Ken Campbell (evangelist)

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Ken Campbell
Ken Campbell-2003.jpg
Ken Campbell circa 2003
Leader of the Social Credit Party of Canada
In office
Preceded byHarvey Lainson
Succeeded byfinal leader
Personal details
Kenneth Livingstone Campbell

January 15, 1934
Pickering, Ontario[1]
DiedAugust 28, 2006(2006-08-28) (aged 72)
Delta, British Columbia
Resting placeErskine Cemetery, Pickering

Kenneth Livingstone (Ken) Campbell (January 15, 1934 – August 28, 2006) was a Canadian fundamentalist Baptist evangelist and political figure. He was the final leader of the Social Credit Party of Canada from 1990 to 1993.

Opposition to abortion and homosexuality[edit]

He became prominent in the Toronto area in the 1970s as a crusader against homosexuals and a pro-life advocate, founding "Renaissance Canada" in 1974 to promote his views, particularly in education.[2] He held frequent rallies against gay rights and regularly took out full page ads in newspapers, campaigning against the homosexual agenda and secular humanism. Many such ads were printed following court decisions on gay rights, such as the 1998 Supreme Court ruling in Vriend v. Alberta. In 1979 outside the Toronto mayor's office, Campbell organized a protest rally against the gay publication The Body Politic alongside Christian television talk-show host David Mainse in response to an article it had published by Gerald Hannon in the December 1977/January 1978 issue (reprinted in March/April 1979) entitled "Men Loving Boys Loving Men."[3] While being interviewed by the media during the rally, Campbell stated, "when a group advocates the molestation of children one has to question the social constructive nature of the whole cause they represent."[4] In 1980, Campbell published a book entitled No Small Stir: A Spiritual Strategy For Salting and Saving A Secular Society, with a forward from Jerry Falwell.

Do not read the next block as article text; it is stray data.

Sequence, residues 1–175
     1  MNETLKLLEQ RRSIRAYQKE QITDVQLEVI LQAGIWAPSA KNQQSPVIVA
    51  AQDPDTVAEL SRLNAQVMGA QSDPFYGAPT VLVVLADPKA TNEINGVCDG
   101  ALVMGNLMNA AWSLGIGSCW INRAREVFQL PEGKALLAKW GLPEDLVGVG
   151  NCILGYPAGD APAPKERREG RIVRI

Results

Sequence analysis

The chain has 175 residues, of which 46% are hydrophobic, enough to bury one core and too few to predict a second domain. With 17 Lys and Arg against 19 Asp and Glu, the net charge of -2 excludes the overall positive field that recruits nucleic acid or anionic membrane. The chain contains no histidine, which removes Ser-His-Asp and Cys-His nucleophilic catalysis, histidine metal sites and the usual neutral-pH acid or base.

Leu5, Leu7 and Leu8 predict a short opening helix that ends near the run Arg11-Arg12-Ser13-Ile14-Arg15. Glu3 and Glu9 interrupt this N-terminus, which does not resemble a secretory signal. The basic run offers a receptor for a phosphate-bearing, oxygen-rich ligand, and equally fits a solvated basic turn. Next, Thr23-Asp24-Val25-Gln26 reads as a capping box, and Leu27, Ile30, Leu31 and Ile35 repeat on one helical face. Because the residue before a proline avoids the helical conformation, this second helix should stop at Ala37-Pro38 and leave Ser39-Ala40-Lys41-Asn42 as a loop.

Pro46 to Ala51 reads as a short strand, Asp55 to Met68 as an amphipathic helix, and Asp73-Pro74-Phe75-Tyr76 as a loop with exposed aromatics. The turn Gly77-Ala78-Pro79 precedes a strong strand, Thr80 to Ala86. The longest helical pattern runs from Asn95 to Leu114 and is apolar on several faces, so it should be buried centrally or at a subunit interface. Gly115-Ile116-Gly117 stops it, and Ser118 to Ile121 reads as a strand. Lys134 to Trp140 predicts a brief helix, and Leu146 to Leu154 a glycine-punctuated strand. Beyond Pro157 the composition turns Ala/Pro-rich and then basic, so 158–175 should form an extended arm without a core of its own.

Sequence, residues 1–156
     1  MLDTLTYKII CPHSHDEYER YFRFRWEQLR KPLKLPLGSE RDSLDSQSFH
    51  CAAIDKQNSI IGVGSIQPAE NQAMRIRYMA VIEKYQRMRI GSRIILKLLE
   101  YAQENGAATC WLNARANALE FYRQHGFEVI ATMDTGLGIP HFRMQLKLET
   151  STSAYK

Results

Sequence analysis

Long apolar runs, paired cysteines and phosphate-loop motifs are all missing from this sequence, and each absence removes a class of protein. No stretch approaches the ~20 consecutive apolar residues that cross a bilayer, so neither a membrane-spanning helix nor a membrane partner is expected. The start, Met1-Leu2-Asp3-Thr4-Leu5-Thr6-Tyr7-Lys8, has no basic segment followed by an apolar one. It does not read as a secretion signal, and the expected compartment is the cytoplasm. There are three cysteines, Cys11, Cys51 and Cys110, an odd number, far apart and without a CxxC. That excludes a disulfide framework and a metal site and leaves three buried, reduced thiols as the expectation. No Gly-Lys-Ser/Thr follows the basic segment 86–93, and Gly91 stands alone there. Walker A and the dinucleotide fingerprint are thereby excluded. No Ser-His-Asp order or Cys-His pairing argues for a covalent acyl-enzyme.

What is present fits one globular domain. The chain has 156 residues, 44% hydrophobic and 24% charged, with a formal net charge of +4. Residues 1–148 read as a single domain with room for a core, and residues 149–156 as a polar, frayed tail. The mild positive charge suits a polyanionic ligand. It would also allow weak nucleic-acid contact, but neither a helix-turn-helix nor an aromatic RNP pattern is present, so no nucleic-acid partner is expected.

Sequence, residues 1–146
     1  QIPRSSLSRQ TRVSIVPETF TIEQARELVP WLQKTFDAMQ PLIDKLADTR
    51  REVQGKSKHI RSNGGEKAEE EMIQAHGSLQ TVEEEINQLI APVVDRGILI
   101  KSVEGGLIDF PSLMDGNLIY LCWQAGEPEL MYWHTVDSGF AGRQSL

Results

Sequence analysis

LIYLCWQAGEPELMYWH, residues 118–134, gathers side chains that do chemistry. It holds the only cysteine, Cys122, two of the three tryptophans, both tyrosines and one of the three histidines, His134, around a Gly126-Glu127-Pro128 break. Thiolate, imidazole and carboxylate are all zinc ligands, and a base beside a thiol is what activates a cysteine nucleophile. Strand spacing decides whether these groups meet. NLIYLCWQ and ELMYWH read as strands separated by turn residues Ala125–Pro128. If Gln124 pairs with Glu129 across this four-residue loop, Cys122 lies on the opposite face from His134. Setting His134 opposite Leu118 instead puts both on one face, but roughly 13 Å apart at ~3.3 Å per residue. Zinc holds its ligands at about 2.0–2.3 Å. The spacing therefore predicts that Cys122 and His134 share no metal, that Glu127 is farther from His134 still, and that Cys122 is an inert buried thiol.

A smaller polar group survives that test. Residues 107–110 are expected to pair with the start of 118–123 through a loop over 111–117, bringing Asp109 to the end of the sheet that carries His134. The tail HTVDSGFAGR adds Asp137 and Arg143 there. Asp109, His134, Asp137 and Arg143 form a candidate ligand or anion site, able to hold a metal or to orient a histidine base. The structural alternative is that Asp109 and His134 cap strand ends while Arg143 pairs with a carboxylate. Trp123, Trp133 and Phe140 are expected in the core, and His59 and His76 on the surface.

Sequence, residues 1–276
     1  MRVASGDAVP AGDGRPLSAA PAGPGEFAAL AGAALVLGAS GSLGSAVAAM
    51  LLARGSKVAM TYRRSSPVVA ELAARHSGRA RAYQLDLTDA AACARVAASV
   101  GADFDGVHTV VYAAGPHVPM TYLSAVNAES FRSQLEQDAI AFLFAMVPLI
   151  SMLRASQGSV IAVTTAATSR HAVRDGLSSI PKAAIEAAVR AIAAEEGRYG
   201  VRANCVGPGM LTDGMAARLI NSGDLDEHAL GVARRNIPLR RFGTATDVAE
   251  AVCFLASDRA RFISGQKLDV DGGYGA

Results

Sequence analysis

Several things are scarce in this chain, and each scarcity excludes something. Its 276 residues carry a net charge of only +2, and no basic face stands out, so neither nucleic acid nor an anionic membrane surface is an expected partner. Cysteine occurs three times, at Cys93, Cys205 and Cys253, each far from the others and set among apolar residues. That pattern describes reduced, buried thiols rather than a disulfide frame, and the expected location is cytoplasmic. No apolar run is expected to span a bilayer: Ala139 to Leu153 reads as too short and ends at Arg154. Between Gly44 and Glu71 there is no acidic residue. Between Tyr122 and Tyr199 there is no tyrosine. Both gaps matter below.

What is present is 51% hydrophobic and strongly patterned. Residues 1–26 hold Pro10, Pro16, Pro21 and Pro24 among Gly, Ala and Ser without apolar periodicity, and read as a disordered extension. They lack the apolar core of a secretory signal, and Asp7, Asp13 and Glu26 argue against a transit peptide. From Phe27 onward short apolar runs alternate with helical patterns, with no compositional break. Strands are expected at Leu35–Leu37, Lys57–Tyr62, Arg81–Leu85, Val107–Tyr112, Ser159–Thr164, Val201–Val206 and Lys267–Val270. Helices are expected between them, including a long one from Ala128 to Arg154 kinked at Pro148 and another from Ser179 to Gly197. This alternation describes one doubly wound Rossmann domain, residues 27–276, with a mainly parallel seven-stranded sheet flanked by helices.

Campbell ran in elections at all levels in the 1980s and 1990s, particularly in the provincial riding of St. George—St. David, which included the centre of Toronto's gay community clustered around Church and Wellesley streets. In 1984, following the acquittal of Dr. Henry Morgentaler, he founded a group called Choose Life Canada which picketed abortion clinics in Toronto and other Ontario cities.[2] On one occasion, he attempted to conduct a "citizen's arrest" against provincial Attorney General Ian Scott, after Scott refused to shut down an abortion clinic run by Morgentaler. Campbell later ran against Scott in St. George—St. David as a candidate of the Family Coalition Party in the 1990 provincial election. He campaigned as a fringe candidate for Mayor of Toronto the following year, but urged voters to support June Rowlands rather than himself to prevent Jack Layton from winning.[2]

He once ran for mayor of Milton, Ontario against long-time mayor Gordon Krantz to protest having to pay the education portion of his municipal property taxes. Campbell refused to pay on the basis that he disagreed with the school curriculum. Campbell sent Krantz a letter during the campaign, saying that if he were elected, he would be too busy to be mayor so he would "deputize" Krantz and have him do the job.[5]